While China surpassed the United States for internet user population about a year ago, it now seems the majority of content on the web will soon be Chinese too, GizMag reported. The impact seems to have people going in a couple of different directions.
The Chinese government has ordered any use of English terms in print and web information must be accompanied with a Chinese translation of the terms. Marketers outside China are now looking at how this will impact search behavior and search engine results.
“Currently the online population is about 1,966,514,816 people and of them 42 percent speak English. Another 32.6 per cent speak Chinese. Nextweb thinks that the extent that the Chinese market is growing means that the number of Chinese users will overtake English speakers.
While it is unlikely that your average American will know where Beijing is, let alone want to visit a site there, businesses have been doing a lot more searching in China lately. It could be soon that Chinese could be the lingua franca of business in the latter part of the 21st century.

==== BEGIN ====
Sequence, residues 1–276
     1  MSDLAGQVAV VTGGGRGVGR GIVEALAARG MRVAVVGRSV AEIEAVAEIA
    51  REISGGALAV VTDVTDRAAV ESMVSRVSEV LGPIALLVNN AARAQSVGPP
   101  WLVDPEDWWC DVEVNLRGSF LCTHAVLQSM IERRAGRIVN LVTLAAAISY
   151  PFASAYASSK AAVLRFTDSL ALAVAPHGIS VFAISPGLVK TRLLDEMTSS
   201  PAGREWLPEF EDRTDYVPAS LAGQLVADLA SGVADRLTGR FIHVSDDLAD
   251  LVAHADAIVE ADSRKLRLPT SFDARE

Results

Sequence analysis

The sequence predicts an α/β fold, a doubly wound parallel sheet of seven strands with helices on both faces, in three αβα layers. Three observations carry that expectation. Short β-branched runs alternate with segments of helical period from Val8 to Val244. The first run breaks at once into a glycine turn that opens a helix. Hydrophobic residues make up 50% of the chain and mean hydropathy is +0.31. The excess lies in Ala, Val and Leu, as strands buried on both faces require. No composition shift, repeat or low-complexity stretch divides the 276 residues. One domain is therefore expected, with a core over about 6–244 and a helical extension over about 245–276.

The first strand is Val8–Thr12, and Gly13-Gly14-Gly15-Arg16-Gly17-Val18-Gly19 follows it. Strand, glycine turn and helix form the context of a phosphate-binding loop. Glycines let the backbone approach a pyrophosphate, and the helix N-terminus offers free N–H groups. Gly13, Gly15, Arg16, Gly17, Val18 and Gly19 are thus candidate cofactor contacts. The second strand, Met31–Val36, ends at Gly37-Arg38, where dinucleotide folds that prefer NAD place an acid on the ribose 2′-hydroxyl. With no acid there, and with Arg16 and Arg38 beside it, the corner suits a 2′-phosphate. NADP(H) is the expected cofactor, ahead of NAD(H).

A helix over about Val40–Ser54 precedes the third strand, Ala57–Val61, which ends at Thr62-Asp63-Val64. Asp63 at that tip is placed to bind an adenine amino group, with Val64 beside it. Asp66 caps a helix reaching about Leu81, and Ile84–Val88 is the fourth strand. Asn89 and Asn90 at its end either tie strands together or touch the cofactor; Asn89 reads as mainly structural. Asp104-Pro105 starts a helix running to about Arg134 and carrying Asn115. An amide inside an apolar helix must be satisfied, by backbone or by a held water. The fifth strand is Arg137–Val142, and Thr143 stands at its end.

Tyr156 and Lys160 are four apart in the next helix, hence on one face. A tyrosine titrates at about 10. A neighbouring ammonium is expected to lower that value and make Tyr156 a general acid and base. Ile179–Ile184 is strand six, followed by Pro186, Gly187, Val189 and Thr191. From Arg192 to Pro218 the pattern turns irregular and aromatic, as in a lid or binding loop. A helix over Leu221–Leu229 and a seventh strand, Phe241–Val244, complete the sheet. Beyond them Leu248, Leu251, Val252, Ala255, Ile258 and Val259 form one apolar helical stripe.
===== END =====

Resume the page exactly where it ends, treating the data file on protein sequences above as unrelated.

PhysOrg pointed out:
The growing strength and influence of the web population has prompted concern in Beijing about the Internet’s potential as a tool for generating social unrest, and authorities have stepped up surveillance in recent years. The government blocks web content that it deems politically sensitive in a vast system dubbed the “Great Firewall of China”.
Will Chinese pop in to rearch results when they have some English terms? Will linking from the dominant language have an impact on all SERPs? Will Chinese become the competitive language and English become a little more open?
How will this impact paid search? Will content and Adsense success pivot on knowledge of Chinese?
As this situation unfolds many of these questions will be answered, but it is the unknown ones now that will reshape how online marketing is conducted in the 2010s.